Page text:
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Why is the SSA telling me I can only get SSI benefits?

If you are injured or sick and unable to work for 12 continuous months you could be entitled to Social Security Disability Insurance (SSDI) or Supplemental Security Income (SSI) benefits. What many claimants do not know, however, is that getting SSDI benefits is not as simple as filling out an SSDI application form. In fact, many claimants who apply for SSDI benefits will not qualify, they will have their SSDI application denied, and they may have to apply for SSI benefits instead.



Recently on our SSDI forum a user asked, “I talked to the SSA and they are telling me I do not qualify for SSDI Benefits. The SSA said I could only get SSI benefits. What does this mean for my disability case?”

Denied SSDI benefits


 

To qualify for SSDI benefits or SSI benefits for disability a claimant will have to be disabled with a severe health condition which does not allow them to work for at least 12 continuous months or which is expected to result in the claimant’s death. Regardless of whether you apply for SSDI or SSI benefits you will have to meet this requirement. So assuming you meet the disability requirement, if you have been denied SSDI benefits there is another reason which has nothing to do with the severity of your health condition.

Qualifying for SSDI benefits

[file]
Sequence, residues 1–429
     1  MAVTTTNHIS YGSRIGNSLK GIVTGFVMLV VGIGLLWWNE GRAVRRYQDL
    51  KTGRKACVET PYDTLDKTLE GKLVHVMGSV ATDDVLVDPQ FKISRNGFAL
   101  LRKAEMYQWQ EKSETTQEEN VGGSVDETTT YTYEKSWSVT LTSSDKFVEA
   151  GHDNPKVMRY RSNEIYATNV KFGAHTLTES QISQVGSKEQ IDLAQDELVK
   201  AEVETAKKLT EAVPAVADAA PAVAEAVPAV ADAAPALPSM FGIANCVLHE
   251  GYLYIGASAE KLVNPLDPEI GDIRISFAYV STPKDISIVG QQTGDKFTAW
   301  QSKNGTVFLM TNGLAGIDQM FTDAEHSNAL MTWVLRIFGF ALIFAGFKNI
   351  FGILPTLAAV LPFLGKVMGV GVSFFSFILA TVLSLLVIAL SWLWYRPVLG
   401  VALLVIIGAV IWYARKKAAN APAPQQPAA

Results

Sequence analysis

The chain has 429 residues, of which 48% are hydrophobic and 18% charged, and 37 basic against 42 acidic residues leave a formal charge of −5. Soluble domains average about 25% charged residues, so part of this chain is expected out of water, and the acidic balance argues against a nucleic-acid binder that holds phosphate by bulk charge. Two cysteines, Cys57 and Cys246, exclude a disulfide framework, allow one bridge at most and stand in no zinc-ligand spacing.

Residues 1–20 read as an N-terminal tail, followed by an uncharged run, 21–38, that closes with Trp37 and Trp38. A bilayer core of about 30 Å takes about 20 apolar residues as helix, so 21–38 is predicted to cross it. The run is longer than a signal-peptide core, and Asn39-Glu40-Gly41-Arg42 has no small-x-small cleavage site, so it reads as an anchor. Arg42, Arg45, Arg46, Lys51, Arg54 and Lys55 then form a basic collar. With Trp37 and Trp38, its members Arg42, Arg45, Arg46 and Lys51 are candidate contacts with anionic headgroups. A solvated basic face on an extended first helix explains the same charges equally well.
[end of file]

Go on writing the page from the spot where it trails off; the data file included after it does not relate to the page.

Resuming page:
There are several reasons you can be denied SSDI benefits. For instance, SSDI benefits can be denied if you are working when you apply and you are making too much money. For instance, if you are able to work and earn $1070 per month as anon-blind individual in 2014 the SSA will consider you automatically NOT disabled.

Another reason you may have been denied Social Security Disability Insurance is because the SSA has determined that you do not have enough work credits to be insured for SSDI. The number of work credits you will need to be insured for SSDI varies based on your age when you became disabled.

For instance, if you are 23 years or younger when you become disabled you will have to have earned 6 work credits in the 3 year period right before you became disabled. Older claimants will need more work credits to qualify for SSDI.

If you were denied for any of the reasons outlined above your only option may be to apply for SSI benefits.

Difference between SSI benefits and SSDI benefits


 

SSI benefits are benefits offered to the blind, aged, and disabled. SSI benefits are also only offered to claimants who have very limited income and resources. Even if you are severely disabled, if your income and resource level is too high, you will not qualify for SSI benefits.

Claimants will not have to work and generate work credits to qualify for SSI benefits, but they can generally expect a lower payout. In 2014, individuals can receive $721 per month in SSI benefits. Couples can receive $1082 per month. Some states will offer a supplemental payment so if you live in one of those states you may receive a bit more.

Bottom Line:


 

If you lack work credits you will have to return to work and generate more credits to qualify for SSDI benefits, and if you are working too much you will be denied both SSI and SSDI benefits.
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